Following The Wandering Earth‘s success earlier this year, Chinese moviegoers had high hopes for homegrown sci-fi films—until Shanghai Fortress dashed them with a massive box office flop. With an embarrassing three out of ten rating on Chinese movie review site Douban, and comments decrying its poor plot and even worse acting, Shanghai Fortress did so badly that director Teng Huatao even issued an apology. One netizen‘s comments aptly symbolize China’s dashed hopes: “The Wandering Earth was the start of Chinese sci-fi’s dynasty, but Shanghai Fortress is its ending.”
Now, as the film arrives on Netflix, global audiences will get a chance to judge whether Shanghai Fortress was really that bad.
In Shanghai Fortress, Chinese astronauts (also known as taikonauts) discover a new material called xianteng, which quickly replaces coal and oil as Earth’s main energy source. However, it turns out xianteng was actually stolen from aliens, who arrive on Earth with motherships. The aliens wipe out major global population centers, leaving only Shanghai standing behind a forcefield powered by xianteng. Xianteng is an unstable energy source, so the forcefield occasionally falters and lets a few aliens in to ravage the metropolis.
We’re not actually sure which branch of the People’s Liberation Army defends Shanghai in the film, but their snazzy Air Force-style uniforms suggests that this is the Chinese Space Force. Military officer Lin Lan (Shu Qi) is tasked with helping to defend the city, along with a small squad of pilots including Jiang Yang (Lu Han). A United Nations delegation seems to lead the whole effort, despite the fact that the UN would likely have been wiped out already.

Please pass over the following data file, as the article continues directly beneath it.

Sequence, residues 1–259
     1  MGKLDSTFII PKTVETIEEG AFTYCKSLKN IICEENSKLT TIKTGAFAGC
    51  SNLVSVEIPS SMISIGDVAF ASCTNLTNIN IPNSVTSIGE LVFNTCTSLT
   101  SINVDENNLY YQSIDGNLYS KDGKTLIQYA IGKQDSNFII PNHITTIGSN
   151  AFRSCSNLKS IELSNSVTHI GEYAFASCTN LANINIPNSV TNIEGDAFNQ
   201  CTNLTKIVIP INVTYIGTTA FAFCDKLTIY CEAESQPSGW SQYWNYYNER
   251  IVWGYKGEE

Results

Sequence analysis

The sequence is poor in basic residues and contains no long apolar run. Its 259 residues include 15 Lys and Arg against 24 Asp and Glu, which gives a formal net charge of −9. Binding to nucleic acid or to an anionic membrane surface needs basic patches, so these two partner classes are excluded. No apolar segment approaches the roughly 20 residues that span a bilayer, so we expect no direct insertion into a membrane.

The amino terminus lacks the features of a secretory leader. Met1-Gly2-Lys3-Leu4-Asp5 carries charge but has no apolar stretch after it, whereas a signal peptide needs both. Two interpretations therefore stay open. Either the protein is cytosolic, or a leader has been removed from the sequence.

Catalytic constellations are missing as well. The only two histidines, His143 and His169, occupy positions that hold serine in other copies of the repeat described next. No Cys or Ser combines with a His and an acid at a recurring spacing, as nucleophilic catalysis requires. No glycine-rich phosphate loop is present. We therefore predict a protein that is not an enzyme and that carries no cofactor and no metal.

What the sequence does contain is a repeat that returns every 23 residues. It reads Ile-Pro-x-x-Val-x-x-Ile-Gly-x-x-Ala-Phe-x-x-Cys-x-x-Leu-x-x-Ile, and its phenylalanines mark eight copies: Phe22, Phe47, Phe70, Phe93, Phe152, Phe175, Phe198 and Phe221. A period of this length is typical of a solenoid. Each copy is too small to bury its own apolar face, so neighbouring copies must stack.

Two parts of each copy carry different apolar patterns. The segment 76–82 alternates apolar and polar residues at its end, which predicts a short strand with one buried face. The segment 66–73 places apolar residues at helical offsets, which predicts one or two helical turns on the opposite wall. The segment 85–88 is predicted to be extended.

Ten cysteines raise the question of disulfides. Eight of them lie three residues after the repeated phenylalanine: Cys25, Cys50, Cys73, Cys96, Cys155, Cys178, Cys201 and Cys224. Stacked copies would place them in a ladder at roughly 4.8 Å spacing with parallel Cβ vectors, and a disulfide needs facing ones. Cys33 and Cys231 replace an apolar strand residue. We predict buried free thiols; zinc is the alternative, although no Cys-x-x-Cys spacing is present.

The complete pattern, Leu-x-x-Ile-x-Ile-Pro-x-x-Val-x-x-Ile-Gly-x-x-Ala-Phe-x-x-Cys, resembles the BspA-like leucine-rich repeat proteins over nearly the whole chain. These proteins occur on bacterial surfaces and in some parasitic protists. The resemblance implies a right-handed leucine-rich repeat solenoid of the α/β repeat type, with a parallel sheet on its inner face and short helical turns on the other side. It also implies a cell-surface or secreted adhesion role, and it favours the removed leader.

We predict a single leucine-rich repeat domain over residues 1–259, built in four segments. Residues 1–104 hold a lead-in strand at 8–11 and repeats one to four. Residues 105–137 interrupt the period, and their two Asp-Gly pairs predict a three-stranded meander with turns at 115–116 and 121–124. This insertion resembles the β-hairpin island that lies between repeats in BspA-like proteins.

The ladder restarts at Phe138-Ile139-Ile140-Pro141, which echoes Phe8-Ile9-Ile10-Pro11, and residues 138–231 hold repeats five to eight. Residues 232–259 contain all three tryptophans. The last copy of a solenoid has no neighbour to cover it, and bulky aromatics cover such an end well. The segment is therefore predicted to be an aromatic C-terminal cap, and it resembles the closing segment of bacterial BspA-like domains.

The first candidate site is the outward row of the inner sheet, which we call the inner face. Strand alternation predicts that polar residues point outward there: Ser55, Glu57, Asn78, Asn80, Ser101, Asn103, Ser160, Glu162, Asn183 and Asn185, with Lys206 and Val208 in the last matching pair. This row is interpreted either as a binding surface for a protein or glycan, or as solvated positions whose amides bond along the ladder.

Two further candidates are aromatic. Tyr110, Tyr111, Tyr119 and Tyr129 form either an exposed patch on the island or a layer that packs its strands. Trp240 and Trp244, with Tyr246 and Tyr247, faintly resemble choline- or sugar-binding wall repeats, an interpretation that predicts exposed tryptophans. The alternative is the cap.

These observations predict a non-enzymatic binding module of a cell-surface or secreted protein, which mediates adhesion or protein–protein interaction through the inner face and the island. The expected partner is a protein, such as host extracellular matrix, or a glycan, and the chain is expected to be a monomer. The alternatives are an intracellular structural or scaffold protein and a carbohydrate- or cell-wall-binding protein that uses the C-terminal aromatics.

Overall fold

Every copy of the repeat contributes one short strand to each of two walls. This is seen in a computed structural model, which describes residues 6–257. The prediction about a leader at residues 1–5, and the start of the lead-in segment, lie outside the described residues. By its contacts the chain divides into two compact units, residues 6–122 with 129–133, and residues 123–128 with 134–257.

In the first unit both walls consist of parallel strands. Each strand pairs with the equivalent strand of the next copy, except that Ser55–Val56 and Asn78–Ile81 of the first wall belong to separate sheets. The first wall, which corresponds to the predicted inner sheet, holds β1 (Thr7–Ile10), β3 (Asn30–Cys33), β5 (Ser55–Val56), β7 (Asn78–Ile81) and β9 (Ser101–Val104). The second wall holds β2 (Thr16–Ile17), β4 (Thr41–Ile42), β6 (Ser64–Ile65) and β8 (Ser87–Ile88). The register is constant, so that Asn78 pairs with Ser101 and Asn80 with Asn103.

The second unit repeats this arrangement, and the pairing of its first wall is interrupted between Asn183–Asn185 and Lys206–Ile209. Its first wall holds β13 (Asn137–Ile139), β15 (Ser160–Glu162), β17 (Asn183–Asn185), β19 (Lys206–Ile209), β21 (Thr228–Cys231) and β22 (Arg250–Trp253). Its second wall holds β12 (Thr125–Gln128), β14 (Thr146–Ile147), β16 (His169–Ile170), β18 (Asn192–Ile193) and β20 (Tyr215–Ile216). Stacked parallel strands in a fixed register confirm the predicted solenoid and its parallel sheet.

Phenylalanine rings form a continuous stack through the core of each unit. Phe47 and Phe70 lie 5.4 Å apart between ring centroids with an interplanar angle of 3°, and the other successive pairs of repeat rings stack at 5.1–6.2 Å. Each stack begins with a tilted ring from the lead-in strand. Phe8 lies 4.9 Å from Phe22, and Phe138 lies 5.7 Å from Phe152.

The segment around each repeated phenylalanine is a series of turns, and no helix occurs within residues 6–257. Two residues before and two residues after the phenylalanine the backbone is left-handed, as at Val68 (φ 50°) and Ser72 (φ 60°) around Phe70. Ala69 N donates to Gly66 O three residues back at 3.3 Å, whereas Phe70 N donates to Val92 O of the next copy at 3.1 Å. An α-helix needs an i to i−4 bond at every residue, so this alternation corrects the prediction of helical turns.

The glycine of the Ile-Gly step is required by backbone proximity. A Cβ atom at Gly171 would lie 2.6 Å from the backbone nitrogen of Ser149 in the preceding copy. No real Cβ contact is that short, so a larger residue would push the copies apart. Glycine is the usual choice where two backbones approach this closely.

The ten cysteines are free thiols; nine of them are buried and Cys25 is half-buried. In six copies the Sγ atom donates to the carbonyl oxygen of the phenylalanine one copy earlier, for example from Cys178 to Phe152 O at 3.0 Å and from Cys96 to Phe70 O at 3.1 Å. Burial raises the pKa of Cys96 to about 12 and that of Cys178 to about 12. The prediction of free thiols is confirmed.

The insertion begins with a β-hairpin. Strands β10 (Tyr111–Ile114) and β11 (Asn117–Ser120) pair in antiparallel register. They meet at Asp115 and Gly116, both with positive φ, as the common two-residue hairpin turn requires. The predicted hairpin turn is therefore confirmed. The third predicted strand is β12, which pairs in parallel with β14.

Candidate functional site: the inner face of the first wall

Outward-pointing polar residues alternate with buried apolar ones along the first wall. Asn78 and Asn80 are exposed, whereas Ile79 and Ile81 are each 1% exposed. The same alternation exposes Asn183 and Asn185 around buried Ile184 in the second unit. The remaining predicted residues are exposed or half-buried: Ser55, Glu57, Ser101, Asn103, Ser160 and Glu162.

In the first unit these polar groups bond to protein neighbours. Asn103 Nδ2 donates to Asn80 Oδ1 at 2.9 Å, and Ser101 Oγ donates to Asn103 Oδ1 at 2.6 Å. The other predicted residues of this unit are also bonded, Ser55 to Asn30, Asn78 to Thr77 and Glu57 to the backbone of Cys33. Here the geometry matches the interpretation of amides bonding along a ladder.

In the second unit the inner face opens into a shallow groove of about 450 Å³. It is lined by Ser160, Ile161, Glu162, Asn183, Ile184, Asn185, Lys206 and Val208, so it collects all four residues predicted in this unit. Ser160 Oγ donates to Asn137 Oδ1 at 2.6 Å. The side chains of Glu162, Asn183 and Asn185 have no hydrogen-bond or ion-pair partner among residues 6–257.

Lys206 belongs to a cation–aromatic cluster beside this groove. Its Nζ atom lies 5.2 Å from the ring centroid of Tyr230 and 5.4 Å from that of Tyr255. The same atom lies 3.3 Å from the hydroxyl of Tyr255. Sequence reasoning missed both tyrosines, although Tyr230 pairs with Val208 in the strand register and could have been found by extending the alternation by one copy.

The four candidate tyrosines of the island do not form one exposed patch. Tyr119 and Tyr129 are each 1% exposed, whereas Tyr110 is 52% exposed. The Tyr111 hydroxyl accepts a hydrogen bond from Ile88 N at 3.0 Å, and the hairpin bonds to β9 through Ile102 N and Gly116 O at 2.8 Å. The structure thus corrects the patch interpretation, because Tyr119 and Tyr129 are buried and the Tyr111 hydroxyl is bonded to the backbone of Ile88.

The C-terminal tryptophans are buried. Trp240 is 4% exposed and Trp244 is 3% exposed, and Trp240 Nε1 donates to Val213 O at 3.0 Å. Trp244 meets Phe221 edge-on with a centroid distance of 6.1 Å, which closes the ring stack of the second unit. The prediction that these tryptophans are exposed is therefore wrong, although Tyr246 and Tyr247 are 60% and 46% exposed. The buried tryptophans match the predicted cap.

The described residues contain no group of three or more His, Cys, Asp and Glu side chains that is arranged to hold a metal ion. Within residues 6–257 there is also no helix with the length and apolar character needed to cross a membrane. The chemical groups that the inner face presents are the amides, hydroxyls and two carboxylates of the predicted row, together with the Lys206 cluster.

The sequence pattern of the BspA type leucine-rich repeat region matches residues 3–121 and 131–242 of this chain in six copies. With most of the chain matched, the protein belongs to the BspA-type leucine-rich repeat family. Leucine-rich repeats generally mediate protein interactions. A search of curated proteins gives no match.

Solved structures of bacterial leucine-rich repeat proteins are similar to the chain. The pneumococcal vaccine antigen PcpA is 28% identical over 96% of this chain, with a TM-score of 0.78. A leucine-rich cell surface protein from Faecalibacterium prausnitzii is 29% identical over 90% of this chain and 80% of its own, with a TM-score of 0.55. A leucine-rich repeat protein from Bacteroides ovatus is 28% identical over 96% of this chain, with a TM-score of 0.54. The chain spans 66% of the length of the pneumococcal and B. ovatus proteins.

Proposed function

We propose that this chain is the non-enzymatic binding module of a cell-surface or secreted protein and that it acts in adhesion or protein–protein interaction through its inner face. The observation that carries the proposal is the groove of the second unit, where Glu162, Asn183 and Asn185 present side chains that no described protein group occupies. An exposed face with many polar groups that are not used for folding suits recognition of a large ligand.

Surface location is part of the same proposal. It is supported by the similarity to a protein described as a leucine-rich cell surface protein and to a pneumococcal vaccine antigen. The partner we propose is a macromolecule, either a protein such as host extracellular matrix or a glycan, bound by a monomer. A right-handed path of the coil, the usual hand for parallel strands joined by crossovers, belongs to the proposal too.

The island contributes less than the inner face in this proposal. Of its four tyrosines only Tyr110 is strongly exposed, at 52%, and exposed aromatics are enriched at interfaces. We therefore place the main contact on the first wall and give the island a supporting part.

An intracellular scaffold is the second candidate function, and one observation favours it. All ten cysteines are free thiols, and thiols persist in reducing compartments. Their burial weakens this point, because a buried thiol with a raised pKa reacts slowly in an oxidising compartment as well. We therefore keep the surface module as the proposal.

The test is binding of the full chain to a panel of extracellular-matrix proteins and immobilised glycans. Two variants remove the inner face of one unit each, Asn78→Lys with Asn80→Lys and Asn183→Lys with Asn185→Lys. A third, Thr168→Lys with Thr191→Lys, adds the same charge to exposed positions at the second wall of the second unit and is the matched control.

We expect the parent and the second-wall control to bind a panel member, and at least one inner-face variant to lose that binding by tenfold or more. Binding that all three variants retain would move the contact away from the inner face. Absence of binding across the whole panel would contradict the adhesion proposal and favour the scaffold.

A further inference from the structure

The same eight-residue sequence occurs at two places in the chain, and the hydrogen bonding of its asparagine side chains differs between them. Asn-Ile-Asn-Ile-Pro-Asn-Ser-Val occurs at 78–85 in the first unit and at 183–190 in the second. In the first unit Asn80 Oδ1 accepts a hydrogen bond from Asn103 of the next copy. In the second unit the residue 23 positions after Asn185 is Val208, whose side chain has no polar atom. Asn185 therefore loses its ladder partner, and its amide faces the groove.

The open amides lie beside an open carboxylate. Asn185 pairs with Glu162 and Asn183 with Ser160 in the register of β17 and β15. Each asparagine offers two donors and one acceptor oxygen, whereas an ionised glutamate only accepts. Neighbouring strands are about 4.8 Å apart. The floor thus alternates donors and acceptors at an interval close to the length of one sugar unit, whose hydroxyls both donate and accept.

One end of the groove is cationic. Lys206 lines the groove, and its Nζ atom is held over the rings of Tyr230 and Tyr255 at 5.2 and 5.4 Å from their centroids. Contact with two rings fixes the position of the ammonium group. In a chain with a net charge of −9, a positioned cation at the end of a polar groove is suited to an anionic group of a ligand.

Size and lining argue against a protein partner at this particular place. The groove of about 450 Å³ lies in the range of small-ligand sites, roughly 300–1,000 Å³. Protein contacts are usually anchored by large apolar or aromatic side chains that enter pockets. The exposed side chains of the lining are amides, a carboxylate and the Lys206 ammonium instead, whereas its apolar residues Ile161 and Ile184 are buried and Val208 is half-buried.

More Plot Holes Than There Are People in China
Shanghai Fortress opens with considerable energy: aliens slip through a crack in the forcefield, and Chinese forces fight the aliens both on the streets of Shanghai, and in the sky with remote-piloted drones from a command center. The actual fight sequence, despite drowning in more CGI than a Chinese banquet drowns in baijiu, is actually quite action-packed, and does a great job of framing the rest of the story and characters to follow.
However, Shanghai Fortress‘ plot quickly descends into the realm of absurdity. While ostensibly a military-themed movie, none of the characters have any semblance of military bearing. Instead of living in military barracks, all the members of Jiang Yang’s squad seem to be living in a townhouse, resembling a college dorm more than a “fortress” that you’d expect in an active combat zone. The civilians of Shanghai also seem unrealistically cheerful as they go on with their daily lives, partying at nightclubs and eating noodles at restaurants while violent aliens attack on the regular. Perhaps director Teng Huatao would have done well to visit a real war zone like Iraq or Syria before shooting Shanghai Fortress.